Rob Pieke, Head of Software, MPC
Off-site capabilites open up new possibilities for everyone involved in visual effects, not least smaller companies eager to make the most of the current boom in television drama, and the associated requirement for high quality visual effects.
“For the past couple of years there has been much talk of mainstream VR, 6K, on-demand offsite resources – I’m not sure where stereo went – but technology aside, the growth of quality television drama has had a massive impact on the visual effects industry, and on the industry as a whole. The ambition and scale of shows for HBO, Netflix, Amazon and others has led to some interesting co-productions. and channels in the UK are upping their game – it’s very busy out there. On these larger projects, the availability of on-demand rendering and storage can really help the smaller companies compete with the bigger houses.”
Rob Harvey, owner/creative director, Lola Post Production Ltd
Once upon a time, an animated CG character was little more than a lump of virtual clay hanging off a few digital bones. These days, characters boast complex internal structures, with effects simulations driving nested layers of CG flesh to flex and jiggle just like real anatomy. Ziva Dynamics’ ZIVA VFX is a plugin for Autodesk Maya that takes things a stage further.
“Most character tools for visual effects focus on what the outside of an object looks like. Ziva uses FEM (Finite Element Method) which accounts for the various layers of bone, fat, skin, and muscle inside a character. Until recently, tools that included a complete interior simulation were in the realm of automobile and aerospace companies. That technology is now finding its way into the fast-paced visual effects pipeline.”
Michael Levine, senior creature effects TD, Image Engine
Changing the Game
The line between the film and gaming industries continues to blur, with games beginning to achieve near-cinematic levels of fidelity, and film adaptations of popular games attracting enormous budgets and top-drawer filmmakers. As a discipline that readily spans both areas of entertainment, visual effects is eager to keep its feet in both camps.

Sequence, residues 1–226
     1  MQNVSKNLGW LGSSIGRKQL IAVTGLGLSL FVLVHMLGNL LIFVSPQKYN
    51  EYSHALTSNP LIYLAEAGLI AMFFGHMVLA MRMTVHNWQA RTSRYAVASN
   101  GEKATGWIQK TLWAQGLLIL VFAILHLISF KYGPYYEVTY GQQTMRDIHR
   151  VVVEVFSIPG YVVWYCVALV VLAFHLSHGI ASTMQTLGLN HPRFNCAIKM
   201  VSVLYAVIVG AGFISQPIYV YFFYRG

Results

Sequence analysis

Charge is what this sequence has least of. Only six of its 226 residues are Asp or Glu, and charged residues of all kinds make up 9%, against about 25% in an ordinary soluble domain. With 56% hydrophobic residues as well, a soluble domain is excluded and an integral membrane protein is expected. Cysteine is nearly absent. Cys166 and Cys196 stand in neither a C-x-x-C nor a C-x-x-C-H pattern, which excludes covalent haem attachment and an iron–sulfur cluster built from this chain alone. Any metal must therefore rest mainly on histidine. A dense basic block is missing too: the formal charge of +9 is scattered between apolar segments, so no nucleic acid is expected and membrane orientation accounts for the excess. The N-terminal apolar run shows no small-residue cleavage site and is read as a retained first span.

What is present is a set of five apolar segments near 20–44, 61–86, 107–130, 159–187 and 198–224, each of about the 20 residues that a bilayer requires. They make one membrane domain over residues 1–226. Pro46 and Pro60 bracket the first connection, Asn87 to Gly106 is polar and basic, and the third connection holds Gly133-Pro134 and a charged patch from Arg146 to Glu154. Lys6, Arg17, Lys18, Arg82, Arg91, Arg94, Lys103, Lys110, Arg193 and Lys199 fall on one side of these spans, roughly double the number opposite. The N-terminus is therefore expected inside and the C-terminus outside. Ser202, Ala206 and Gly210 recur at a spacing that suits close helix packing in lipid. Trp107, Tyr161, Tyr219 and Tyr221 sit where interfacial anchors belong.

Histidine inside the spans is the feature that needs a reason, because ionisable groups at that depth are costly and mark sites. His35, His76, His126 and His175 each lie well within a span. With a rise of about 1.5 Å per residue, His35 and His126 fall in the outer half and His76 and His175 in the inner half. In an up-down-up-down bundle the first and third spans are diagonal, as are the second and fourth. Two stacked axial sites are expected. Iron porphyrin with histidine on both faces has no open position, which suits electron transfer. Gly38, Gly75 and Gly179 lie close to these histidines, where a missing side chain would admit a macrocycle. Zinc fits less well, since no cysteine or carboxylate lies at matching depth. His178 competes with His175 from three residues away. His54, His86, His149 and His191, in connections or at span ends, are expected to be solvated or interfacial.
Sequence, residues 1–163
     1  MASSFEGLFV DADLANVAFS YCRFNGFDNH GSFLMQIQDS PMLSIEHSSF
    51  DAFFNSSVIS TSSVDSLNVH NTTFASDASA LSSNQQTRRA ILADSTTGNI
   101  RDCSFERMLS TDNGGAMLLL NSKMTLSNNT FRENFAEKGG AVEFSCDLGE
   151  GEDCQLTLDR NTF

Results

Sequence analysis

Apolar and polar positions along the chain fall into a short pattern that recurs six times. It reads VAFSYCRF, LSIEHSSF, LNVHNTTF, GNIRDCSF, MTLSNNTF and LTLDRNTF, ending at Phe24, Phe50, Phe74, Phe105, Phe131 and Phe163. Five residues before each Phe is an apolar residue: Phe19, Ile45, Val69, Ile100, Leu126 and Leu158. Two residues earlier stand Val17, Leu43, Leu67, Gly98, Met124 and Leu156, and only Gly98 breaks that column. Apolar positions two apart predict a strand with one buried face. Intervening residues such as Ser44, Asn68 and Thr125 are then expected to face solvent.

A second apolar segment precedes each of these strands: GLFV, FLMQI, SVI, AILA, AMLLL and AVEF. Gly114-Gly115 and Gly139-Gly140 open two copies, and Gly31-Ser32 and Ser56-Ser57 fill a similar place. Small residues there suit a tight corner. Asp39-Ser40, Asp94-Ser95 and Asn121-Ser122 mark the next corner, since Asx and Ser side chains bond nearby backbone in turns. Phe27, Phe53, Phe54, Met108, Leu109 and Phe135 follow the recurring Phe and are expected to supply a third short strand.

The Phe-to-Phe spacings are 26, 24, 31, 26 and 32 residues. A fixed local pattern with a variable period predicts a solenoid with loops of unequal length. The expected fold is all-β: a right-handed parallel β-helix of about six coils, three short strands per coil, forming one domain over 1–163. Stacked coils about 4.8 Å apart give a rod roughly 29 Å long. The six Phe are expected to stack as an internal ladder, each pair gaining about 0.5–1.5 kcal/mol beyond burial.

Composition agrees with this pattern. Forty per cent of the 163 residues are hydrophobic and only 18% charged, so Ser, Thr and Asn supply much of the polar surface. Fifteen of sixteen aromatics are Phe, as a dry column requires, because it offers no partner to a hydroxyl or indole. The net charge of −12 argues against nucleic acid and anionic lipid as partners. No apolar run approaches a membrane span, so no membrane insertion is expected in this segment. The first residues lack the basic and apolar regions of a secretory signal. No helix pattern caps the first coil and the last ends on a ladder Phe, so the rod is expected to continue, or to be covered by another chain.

“The convergence of games and visual effects has been slowly taking place for many years, but this year it feels like it’s reached a turning point, with the visual effects industry reaching for a lot of technology previously only used by games. This has largely been driven by the huge growth of demand for ‘game-like’ VR experiences – often to complement major film releases – but it has also highlighted the rich authoring tools that many visual effects productions could benefit from.”
Rob Pieke, head of software, MPC
Gaming engines traditionally rely on powerful GPUs – graphics processing units – to render fast-moving imagery in real time. Now, the speed benefit of GPU hardware is making its presence felt in the world of cinema visual effects.
“GPU accelerated rendering is finally production ready. We have finished numerous projects over the last year and all of them utilized the GPU for final image rendering. Until now, we have found that GPU renderers had a hardware render signature or feel to them. Recent advances now offer a solution that rivals software quality renderers while maintaining the hardware speed advantage. We are seeing at least three or four times speed increases which allows for more iterations, in turn giving us better images, happier clients and happier artists. The speed, combined with new in-house techniques allow us to avoid the need to compromise on scene complexity. This freedom convinced the studio to fully integrate GPU throughout its entire pipeline for the upcoming feature film Colossal, from assets to simulation to final comp. We also recently completed a sequence for Journey To The West 2 which required a large creature simulation – previously, we would have been concerned that it would be impossible due to the traditional hardware limitations of previous GPU renderers, but issues like texture size limits are not a concern any more.”
Will Garrett, VFX Supervisor, Intelligent Creatures
Casting the Net Wide
As many companies are discovering, visual effects has applications beyond just film and gaming. From virtual reality to art installations to theme parks and beyond, artists are constantly finding new ways to explore the boundaries of the business.
“Artes Mundi” image courtesy of the artist, Bedwyr Williams, Limoncello Gallery, and, Bait Studio.